Local NewsDiver finds rare mastodon tusk off Florida coast

Diver finds rare mastodon tusk off Florida coast

A diver found a large fragment of a mastodon tusk
A diver found a large fragment of a mastodon tusk
Images source: © Licensor

2:54 PM EDT, June 18, 2024

Not far from the coast of Florida, an unusual situation arose. Alex Lundberg, a diver and "treasure hunter," stumbled upon a rare find. Initially, he thought he had pulled a piece of wood from the floor of the Atlantic, but it turned out that he had accidentally discovered something much more valuable – a large fragment of a mastodon tusk.

Preliminary examinations and measurements revealed that this is a significant fragment of a tusk from an extinct animal. It measures about 4 feet in length and weighs almost 68 pounds. It was found at a depth of about 25 feet, near Venice Beach, Florida.

“In a sense, we knew that something like this could be in the area,” said Lundberg in an interview with The Independent, referring to previous discoveries in the region. He added that as he fanned the sand away, he noticed the object "was getting bigger and bigger." Once he had pulled it out, he realized he had chanced upon something far more valuable than a piece of wood.

Fragment of mastodon tusk on the floor of the Atlantic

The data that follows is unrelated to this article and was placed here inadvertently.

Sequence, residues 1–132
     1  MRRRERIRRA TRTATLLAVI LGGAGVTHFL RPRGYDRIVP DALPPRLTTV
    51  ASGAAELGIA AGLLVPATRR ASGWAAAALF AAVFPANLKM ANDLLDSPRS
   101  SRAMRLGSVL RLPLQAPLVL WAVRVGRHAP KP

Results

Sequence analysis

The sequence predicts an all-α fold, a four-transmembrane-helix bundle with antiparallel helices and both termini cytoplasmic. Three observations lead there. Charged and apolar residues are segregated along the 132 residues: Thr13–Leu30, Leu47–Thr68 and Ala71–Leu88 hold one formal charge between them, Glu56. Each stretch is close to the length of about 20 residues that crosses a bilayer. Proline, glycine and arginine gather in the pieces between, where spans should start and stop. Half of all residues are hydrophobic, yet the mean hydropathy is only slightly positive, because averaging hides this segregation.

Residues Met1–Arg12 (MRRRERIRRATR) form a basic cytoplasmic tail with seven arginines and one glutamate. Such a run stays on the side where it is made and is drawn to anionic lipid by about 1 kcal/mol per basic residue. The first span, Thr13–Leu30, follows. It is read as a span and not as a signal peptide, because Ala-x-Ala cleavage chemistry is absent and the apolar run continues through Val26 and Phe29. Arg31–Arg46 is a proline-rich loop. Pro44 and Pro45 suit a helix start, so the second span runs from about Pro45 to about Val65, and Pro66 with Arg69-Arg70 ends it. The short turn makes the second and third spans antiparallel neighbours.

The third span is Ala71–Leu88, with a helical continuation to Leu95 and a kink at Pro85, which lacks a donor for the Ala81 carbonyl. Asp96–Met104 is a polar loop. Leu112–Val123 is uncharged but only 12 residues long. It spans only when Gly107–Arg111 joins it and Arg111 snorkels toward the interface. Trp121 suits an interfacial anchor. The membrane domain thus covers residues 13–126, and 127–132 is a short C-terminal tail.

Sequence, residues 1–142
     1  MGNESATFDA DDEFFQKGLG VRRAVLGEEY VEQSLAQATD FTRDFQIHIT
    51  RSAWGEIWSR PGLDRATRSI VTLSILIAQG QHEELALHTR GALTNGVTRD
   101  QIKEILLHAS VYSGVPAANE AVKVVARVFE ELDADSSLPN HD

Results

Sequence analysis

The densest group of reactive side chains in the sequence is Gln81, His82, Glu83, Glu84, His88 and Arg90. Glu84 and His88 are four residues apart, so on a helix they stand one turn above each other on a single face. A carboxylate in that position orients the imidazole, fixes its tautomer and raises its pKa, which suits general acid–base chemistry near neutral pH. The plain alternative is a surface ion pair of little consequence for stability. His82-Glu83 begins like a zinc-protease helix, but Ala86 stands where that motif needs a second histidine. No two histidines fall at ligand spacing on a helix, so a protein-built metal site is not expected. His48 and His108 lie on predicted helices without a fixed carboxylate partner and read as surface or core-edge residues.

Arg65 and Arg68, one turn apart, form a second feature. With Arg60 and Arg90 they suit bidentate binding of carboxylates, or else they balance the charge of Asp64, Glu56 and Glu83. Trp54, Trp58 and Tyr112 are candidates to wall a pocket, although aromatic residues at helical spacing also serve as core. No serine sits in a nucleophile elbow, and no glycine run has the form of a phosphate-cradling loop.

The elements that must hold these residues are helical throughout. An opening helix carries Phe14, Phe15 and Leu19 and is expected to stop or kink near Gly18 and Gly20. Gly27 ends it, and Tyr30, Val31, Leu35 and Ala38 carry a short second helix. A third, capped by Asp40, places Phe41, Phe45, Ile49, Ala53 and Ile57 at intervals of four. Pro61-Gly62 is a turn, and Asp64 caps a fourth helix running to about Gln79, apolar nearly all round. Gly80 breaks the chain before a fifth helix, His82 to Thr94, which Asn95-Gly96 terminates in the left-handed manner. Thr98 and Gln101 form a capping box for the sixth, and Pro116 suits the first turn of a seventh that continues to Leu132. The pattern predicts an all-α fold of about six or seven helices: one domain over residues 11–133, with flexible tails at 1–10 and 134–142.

Mastodons are extinct proboscideans that do not belong to the elephant family. They resembled the elephants we are familiar with but differed in having a very abundant coat of hair, different teeth, and a pair of powerful tusks.

Scientists believe that mastodons disappeared from Earth about 10,000 to 9,000 years ago due to hunting and drastic climate changes. They mainly inhabited the swampy and densely forested areas of present-day North America, although the remains of some species have also been found in present-day Africa and Eurasia. Depending on the species, they typically grew to about 8 to 10 feet in height at the shoulder. The largest of them, the Mastodon Borson, stood out by reaching up to 13 feet in height at the shoulder and weighing as much as 32,000 pounds, with the longest tusks by far.

Diver would like to keep the find

Alex Lundberg is storing the find in his home and would like it to remain with him. However, it is uncertain if that will be allowed. According to Florida law, vertebrate fossils found in the state, which includes local coastal waters, belong to the authorities and the Florida Museum of Natural History. Like other such finds, the mastodon tusk fragment must be reported to the museum, where decisions regarding its further fate will be made.

“The museum will review the discoveries and investigate the location to determine their significance. The current holder may keep the fossils if the museum does not request them within 60 days of reporting. This could be a significant find, depending on exactly where it was discovered,” said Rachel Narducci of the Florida Museum of Natural History.

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